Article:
There are several situations where we need to write some form of policy such as QoS, routing policies used in for example redistribution, filtering and policy-based routing, dot1x and so on. Lately I had to update a policy used by the master controller (MC) in an IWAN design. What are some important things to consider when writing the policy?

The number to start with – If you start with the number one then it won’t be possible to insert anything above this line at a later time. How certain are you that you will never have to put anything before the starting line? My recommendation is to start with a higher number such as 100.

Space between each line – Don’t number your lines 100, 101, 102, 103 and so on. Leave some more space between each line in case you have to insert something later between two lines. A spacing of 10 should be fine for most situations.

Go from most granular to least granular – The policy should go from as granular as possible to the least granular at the end. If you have a statement that is too broad you may catch more than you expected even if you have a more granular statement later. For that reason try to put the most granular statements at the top and move to less granular statements further down.

Put some space between the penultimate and ultimate line – Leave some space between the second to last line and the last one. So if your second to last line is 200, don’t put the last one at 201. Leave some extra space in there in case you want to put something else in front of the last line.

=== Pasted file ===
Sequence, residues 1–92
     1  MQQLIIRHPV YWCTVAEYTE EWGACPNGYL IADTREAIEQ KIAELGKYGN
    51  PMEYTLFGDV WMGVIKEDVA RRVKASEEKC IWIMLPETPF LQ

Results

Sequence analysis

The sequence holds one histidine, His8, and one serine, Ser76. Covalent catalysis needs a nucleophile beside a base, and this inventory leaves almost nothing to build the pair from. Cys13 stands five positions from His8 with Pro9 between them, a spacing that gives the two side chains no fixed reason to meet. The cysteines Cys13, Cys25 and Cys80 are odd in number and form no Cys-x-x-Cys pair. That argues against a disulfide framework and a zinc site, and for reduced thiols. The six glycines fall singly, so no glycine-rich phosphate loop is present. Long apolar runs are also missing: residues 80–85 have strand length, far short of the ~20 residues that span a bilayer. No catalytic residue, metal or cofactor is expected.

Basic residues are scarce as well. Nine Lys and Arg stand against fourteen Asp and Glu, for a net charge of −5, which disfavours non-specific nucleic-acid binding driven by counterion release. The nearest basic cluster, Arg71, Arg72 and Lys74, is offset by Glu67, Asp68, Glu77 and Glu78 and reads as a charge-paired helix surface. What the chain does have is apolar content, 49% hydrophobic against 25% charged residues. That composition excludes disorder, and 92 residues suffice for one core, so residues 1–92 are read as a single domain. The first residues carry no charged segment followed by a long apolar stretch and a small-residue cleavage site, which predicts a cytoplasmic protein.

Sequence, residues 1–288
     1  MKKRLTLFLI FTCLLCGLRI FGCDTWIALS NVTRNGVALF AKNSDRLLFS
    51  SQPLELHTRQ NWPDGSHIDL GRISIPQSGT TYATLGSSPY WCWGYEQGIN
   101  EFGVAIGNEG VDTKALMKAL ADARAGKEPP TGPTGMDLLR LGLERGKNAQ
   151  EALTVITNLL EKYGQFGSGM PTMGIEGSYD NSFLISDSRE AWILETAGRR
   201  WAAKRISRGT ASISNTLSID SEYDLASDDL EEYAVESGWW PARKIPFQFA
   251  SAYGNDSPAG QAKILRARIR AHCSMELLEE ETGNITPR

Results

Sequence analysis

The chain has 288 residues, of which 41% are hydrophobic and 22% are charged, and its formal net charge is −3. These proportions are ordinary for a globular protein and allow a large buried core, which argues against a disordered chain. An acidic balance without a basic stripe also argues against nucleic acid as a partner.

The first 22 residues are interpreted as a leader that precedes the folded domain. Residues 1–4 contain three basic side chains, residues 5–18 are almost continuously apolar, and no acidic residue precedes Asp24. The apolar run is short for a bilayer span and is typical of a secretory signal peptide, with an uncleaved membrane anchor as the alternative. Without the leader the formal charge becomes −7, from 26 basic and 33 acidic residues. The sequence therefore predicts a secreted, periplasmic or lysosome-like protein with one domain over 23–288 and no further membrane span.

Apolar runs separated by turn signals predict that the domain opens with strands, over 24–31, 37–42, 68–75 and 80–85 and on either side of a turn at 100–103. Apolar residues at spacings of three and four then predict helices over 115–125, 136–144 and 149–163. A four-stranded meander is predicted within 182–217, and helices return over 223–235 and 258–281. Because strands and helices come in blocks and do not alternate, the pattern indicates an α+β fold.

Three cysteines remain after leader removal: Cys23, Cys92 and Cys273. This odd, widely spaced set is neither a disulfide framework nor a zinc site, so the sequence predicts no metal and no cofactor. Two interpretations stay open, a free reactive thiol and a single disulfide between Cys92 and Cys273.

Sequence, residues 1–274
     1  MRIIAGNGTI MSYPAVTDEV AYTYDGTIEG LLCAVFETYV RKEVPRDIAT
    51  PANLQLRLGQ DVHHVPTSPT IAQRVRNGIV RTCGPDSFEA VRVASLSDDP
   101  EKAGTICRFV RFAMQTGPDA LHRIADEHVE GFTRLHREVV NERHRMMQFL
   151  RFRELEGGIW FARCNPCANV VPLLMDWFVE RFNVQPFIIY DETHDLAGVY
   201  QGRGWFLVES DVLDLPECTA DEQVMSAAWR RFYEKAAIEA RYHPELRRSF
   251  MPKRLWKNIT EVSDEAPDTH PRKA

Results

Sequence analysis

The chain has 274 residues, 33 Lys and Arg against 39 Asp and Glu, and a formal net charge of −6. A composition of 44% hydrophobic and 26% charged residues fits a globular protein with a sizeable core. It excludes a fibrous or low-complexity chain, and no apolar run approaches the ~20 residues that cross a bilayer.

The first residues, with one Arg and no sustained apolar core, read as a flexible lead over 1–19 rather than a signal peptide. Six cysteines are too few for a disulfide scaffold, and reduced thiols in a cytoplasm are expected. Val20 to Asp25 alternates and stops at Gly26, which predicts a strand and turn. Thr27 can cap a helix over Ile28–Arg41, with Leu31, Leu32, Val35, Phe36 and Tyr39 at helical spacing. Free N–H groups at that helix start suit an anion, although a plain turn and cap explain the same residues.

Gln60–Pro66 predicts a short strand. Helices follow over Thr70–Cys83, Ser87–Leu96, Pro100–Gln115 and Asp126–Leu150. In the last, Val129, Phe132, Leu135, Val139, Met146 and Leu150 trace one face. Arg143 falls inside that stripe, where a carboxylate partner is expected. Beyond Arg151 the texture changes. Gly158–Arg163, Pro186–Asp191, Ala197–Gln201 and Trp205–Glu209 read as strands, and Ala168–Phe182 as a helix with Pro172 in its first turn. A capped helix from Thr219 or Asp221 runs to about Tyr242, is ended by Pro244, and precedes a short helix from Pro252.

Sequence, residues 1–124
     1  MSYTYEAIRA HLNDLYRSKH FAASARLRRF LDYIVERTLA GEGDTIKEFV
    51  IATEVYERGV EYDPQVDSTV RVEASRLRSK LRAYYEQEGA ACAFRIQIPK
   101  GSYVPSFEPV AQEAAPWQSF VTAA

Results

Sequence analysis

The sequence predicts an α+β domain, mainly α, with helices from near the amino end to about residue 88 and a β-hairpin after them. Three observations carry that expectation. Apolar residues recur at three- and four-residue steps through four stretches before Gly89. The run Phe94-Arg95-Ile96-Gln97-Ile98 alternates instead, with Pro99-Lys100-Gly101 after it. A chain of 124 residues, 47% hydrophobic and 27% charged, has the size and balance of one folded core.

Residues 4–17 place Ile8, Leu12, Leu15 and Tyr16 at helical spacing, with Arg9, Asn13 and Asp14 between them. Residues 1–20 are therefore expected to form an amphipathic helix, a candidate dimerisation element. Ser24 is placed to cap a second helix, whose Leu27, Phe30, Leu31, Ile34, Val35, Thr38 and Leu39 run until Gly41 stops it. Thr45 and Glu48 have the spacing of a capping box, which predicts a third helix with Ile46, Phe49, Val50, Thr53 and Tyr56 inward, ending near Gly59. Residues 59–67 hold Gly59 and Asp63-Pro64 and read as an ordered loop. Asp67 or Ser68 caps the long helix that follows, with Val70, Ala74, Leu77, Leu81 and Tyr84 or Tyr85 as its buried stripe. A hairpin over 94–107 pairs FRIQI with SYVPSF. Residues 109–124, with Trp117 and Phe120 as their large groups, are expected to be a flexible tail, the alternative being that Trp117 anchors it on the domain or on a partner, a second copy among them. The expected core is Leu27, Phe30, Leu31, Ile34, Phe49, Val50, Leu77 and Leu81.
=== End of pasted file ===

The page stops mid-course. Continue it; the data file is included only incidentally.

One other thing I like to do is to name my policies something like QOS-POLICY-001 to indicate that this is the first version of the QoS policy. The next one would be 002 and so on. In some cases it may be better to write a new policy than updating the old one and in some cases you just want to update the old one.

Here is an example of a MC policy which shows some of the concepts I described above.

class CIFS sequence 100
 match application cifs policy low-latency-data
class WIFI_CONTROL sequence 120
 match application capwap-control policy low-latency-data
class WIFI_DATA sequence 140
 match application capwap-data policy low-latency-data
 class DEFAULT sequence 300
  match dscp default policy low-latency-data
General – Advice on Numbering Policies in Networking
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One thought on “General – Advice on Numbering Policies in Networking

  • November 5, 2017 at 7:56 pm
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    Good stuff Daniel. My unsolicited and simple advice:

    1. Counts by tens
    2. Make the final “permit all” or “deny all” a really big number

    It’s very easy to remember and works well in 99% of cases. Example:

    route-map TEST permit 10
    stuff
    route-map TEST deny 20
    stuff
    route-map TEST permit 1000

    Reply

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